A World of Tastes at the Markt des Guten Geschmacks 2016

Every year at the Messe (meaning fairgrounds), the Markt des Guten Geschmacks (the market of good tastes) comes to town. I've somehow missed it the last couple of years, and so even though we've had a really busy week having just come back from our vacation in Italy (a post on that is coming soon!), I decided that I just couldn't miss this event again. 

A snail: the emblem of the slow food movement

The Markt des Guten Geschmacks is part of the Slow Food movement that began with Carlo Petrini in Italy in 1986. The group advocates for regional, sustainable, and artisanal foods, and local chapters organize events like this one all over the world. Germany's own chapter was founded in 1992, and they've since worked to promote the slow food philosophy at events around Germany. 

I had the best intentions of getting out of the house early this morning in order to be at the Messe when they opened at 10 o'clock. However, the morning slipped by and we didn't end up there until the 3 pm "Happy Hour" had started. This was fine by us as the tickets were just 7€ (instead of 13€) to get in the door.

I'd never been to the Messe before (though I will be going again this year for ComicCon in June) and was surprised by how large it was. We had to walk in and out of the buildings past several other exhibition halls featuring gardening, yoga, and gemstones before we got to halls seven and nine where the slow food exhibition was located. We knew we were close when we spotted some animal pens outside with a couple of stunning Allgäuer cows and newborn piglets. 

Outside the Messe

Allgäuer cows

On the grounds of the Messe


Hall seven was crowded, but not overly so, so that we could move around and sample the various foods on display with ease. Between the two halls, there were a number of stands featuring homemade jams and flavored mustards; spice stalls with mixes for dips and rare kinds of herbs; sparkling water and tea for charity; lesser-known cereals for the health-conscious; locally brewed whiskey and gin; craft beer from breweries around Germany; dark German and crusty Italian bread; red, white, and sparkling wines from the Pfalz and Rhineland; many, many different kinds of sausages made from pork and beef, and even boar, venison, and goose; more cheeses than I could count, from salty Bergkäse to pungent roquefort; exotic chocolates and pralines; and freshly baked cookies. In the back there were also workshops, lectures, food stalls, and stalls selling kitchen utensils and appliances. 

Many of the vendors were German, though we saw quite a number of Italian stands selling authentic panetonne, cannolies, pecorino, parmesan, and prosciutto di Parma and several French stalls with pâté and honey. We were especially pleased by the 0,1L craft beer tastings for 1€ to 1,50€ and sampled a number of different kinds, including the Heubacher Belgian Tripel, Birrificio Farnese Calumet American Pale Ale, Hopfengut IPA, and Riedenburger Dolden Sud IPA, which was my favorite of the bunch. One stand even had my favorite gin from the Black Forest: Monkey 47.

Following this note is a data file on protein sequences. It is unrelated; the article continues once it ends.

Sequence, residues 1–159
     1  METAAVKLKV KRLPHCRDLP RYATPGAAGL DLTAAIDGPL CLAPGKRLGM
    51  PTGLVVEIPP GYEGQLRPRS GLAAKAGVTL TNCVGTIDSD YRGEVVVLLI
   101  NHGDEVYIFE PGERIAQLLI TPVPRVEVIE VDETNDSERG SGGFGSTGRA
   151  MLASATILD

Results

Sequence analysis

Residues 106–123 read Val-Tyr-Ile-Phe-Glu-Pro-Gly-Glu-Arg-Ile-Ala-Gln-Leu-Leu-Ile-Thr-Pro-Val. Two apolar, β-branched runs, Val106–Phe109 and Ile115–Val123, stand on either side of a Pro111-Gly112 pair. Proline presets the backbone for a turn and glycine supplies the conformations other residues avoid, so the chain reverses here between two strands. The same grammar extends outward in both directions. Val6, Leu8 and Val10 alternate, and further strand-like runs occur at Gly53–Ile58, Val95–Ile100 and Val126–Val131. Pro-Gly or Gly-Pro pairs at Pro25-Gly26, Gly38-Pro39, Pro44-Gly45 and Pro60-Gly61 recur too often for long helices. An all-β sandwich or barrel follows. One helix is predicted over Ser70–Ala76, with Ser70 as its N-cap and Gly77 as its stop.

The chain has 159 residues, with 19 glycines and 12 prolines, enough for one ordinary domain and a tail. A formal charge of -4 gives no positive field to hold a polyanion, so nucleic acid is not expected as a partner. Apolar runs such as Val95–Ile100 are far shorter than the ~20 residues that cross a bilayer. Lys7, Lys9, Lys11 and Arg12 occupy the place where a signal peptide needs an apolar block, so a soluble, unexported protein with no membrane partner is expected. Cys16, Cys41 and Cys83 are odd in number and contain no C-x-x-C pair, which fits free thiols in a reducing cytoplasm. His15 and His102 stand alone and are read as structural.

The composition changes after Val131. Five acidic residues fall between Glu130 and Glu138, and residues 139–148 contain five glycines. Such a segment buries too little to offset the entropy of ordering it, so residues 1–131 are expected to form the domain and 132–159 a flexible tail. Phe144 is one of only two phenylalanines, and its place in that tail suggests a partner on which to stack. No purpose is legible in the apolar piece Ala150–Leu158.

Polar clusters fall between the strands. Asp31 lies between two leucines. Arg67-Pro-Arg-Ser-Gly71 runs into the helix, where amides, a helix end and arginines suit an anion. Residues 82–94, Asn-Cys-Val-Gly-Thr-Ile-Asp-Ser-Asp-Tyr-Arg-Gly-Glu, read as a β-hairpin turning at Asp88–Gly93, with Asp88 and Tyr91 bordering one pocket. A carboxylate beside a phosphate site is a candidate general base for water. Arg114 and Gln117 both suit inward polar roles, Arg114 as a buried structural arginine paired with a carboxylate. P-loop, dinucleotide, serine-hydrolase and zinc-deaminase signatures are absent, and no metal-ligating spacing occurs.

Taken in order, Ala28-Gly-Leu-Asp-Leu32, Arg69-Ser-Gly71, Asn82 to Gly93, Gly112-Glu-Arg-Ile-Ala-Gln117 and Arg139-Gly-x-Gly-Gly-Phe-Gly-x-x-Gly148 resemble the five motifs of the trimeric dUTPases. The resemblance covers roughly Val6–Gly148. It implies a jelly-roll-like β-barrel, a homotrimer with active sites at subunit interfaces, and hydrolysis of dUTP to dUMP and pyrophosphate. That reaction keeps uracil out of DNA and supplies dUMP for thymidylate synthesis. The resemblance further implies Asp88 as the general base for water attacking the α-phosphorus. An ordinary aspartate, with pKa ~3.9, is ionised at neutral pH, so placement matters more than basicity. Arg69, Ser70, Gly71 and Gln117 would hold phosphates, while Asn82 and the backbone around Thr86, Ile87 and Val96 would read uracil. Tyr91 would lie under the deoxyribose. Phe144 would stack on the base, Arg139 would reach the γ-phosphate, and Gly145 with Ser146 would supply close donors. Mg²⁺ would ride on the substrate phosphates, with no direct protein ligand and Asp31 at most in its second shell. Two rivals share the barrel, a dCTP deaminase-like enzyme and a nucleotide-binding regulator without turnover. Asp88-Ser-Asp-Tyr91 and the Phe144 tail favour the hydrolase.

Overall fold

Birrificio Farnese's selection

Heubacher Belgian Tripel

Riedenburger Dolden Sud IPA

Even though we nibbled quite a bit as we walked through the two giant halls, we were happy to settle on a crusty sandwich with freshly sliced prosciutto di Parma, followed by a cannoli and some shaved lemon ice to round off our palate. Though we didn't buy anything today, I was also especially tempted by the Pasta di Camerino stall. They were making some of their fresh pasta sautéed in a fried sage butter that was exquisite! Next time, I'll probably bring more cash, one of my grocery bags, and a mind to bring home some of the delicious cheeses, meats, and oils that we sampled.

Freshly sliced prosciutto di Parma on crusty bread

Pasta from Pasta di Camerino

Italian lemon ice and a cannoli 

Overall, we felt two hours was plenty of time for us to browse and get a short introduction to the fair. Not only was the ticket price right for the experience, but we also got some free eggplant arancini (fried rice balls) from the last stall where we got our cannoli from. I assume this was because the vendors were particularly nice there both times we passed by, and because it was the end of the day and they had to get rid of the food they'd already made. (Note that this seems like a good strategy for getting more food next year!)

The market runs from March 31st until April 3rd this year and goes from 10:00 until 18:00 on the weekend. Try to go on Sunday if you haven't been yet. Our time was certainly worth it, and I know I'll be back again next year with a better idea of what to expect. I may even try to attend the blogger's info session that Christie from A Sausage Has Two mentioned in her post from the 2015 fair. 

Have you been to the Markt des Guten Geschmacks? What was your impression?